About Me

Hello, my name is Jim Laughlin, I am 46 years old and I have Complex Regional Pain Syndrome or CRPS, formerly known as RSD. A rare incurable progressive chronic pain disease that has turned my life upside down and inside out. Now I am known as a Spoonie.

I may have CRPS, but I am far from a scholar on the subject. This blog is based on my own personal observations and the research I have done. Because there is no concrete evidence on what causes it, how to treat it or cure it, I have pieced together this information as best I can. I will update, change or delete things as new information becomes available. If you see mistakes or have heard otherwise, please, let me know. I do have the disease and I can only do what I can do, so be patient with me if I don’t respond right away, but I will when I can.

My Life with CRPS- Jim LaughlinA little about me:

My parents were both born in Scotland, who immigrated to the U.S. many years ago. I am first generation American, but the Scottish blood courses through my veins. I know you are thinking, “Does he have a kilt”. The answer is yes, and I do wear it on occasion…with boxers on underneath.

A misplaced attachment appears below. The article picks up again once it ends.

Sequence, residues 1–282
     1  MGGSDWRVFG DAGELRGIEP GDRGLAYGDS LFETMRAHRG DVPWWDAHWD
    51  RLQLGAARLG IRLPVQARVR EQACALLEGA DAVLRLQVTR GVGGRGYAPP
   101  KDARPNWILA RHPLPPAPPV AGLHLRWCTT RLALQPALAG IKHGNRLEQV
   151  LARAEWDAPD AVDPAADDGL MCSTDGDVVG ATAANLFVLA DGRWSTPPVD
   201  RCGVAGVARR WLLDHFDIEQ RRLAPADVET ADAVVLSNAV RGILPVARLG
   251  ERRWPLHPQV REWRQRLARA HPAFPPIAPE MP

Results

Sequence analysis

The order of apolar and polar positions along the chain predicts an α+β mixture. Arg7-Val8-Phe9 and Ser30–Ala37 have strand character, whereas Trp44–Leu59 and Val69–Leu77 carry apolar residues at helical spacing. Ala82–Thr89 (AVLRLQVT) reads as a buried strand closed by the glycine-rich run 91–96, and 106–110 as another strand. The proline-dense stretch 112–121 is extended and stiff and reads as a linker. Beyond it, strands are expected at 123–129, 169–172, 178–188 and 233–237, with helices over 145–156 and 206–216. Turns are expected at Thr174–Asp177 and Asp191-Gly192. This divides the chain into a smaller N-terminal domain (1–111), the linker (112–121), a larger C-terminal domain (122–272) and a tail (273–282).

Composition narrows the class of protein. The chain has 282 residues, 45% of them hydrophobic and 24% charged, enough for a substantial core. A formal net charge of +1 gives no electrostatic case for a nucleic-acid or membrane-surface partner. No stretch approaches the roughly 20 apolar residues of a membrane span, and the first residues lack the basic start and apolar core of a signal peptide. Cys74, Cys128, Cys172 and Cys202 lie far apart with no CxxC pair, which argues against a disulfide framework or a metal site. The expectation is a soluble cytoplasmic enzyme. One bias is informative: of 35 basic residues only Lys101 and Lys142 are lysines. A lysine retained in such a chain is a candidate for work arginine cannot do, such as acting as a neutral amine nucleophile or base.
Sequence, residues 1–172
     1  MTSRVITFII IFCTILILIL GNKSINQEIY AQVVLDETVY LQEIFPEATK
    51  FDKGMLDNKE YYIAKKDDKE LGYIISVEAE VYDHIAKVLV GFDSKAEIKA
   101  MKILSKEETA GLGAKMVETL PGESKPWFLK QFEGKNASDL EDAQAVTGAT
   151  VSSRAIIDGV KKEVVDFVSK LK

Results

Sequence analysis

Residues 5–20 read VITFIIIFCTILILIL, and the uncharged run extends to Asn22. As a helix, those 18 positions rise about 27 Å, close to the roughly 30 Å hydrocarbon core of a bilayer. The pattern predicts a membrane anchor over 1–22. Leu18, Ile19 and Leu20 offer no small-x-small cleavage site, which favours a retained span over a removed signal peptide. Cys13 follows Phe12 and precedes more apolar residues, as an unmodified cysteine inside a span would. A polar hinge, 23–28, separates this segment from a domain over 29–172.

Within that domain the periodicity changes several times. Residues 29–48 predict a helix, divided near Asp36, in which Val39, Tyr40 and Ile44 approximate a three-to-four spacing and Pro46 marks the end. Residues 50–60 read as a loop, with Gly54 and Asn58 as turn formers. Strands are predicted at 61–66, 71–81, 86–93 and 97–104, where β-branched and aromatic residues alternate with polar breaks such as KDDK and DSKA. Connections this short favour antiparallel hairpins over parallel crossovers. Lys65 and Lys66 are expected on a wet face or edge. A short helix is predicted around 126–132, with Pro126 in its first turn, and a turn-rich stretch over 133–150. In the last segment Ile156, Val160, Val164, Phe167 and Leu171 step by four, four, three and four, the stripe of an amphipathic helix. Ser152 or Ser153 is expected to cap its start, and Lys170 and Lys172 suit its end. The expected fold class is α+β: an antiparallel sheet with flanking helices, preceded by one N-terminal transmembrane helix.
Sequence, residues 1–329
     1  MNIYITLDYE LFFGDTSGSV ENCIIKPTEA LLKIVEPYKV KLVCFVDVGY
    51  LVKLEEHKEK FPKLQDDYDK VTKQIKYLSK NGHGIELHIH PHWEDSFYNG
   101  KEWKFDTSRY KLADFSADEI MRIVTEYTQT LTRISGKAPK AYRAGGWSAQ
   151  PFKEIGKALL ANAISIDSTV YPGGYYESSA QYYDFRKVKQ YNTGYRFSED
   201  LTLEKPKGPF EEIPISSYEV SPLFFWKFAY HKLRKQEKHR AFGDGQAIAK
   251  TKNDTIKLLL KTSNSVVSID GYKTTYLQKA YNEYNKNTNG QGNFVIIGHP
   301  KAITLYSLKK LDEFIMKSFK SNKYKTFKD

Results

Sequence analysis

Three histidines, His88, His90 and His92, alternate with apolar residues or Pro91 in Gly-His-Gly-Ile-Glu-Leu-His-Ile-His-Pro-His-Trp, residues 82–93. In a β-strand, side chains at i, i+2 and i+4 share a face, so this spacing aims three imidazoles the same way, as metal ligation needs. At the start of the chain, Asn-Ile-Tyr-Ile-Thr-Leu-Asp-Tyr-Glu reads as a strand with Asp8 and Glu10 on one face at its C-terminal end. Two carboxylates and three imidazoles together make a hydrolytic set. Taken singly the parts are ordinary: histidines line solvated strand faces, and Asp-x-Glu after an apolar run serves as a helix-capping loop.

I am an amateur struggling writer who feels that writing is not just for the readers, but it is also cathartic for me to put my thoughts and feelings out there for others to read.

I am also novice computer geek who enjoys actually going outdoors to play. I enjoy car camping, fishing, golfing, cooking and I do enjoy eating. I also love to travel, but I do not fly. I am a car trip kind of person, the open road is always calling out to me.

My life with CRPS story begins on June 20, 2014. I was at work, and unfortunately, I rolled my foot causing an avulsion fracture of my left ankle.

Several weeks later, my ankle had healed and I was sent to physical therapy to get up and running again. Something strange started happening while at PT, instead of the pain going away, it started getting worse, much worse. All of my therapists and doctors were stumped as to why this was happening. I was eventually sent to a doctor for acupuncture, my current team of doctors did not what else to do with me.

If there are any ‘good’ parts of my story, the doctor I was sent to for acupuncture was one of them. He took one look at me and my foot and knew that acupuncture was not what going to fix my issues. He explained the possibilities of what was wrong with me. He got me off opioids and started me on Gabapentin, he knew if it was one of the conditions he was suspecting, it needed to be treated ASAP.I needed an array of tests to figure out what was going on with my foot. For the next few months, I was a guinea pig, getting poked, prodded, inspected and put into loud, strange machines.